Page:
I swear I had nothing to do with the timing of the linked article from Paul Sellers blog.

https://paulsellers.com/2015/07/making-decisions-take-control/

However, his fortuitous post supports my contention that the world today may indeed, be ready for something of a shift in the way we view success, the way we determine self worth, and the way in which we participate in our own lives.

While there is certainly a hint of indignation in his post, Mr. Sellers does effectively, at least to my mind, continue to encourage a certain fearlessness to those who dream.

It is as though he is shouting to the world that “It’s good to want to be self sufficient. It’s good to use your woodworking talents as a means of being independent. DO IT!!!, for gods sake, its OK. Don’t be afraid!”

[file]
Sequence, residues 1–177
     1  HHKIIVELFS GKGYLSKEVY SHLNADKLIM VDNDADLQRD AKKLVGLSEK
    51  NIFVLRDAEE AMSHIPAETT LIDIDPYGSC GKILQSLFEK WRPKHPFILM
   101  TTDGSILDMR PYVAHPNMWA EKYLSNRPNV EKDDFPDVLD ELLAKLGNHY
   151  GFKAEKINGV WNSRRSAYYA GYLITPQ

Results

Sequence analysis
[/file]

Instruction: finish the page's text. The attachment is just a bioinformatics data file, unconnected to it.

So refreshing. So encouraging to see and feel that I am not alone. So good to read such a naked call to arms.

Just sayin.

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Rediscovering the Woodwright.

So today, I stumbled across this article…..

http://www.theatlantic.com/magazine/archive/2015/07/world-without-work/395294/

If you read the article, you may have noticed the section on “Artisan’s Revenge” or some such. It is an interesting and hopeful notion that there may still be a seat at the socio-economic table for professional woodwrights like me.

Happily, I have discovered others out there, both in the blogosphere and through school, that share the same hope.  Folks who mirror a number of the same ideas that you can read about in several blogs like Paul Sellers blog

( https://paulsellers.com/woodworking-blog/paul-sellers-blog/ )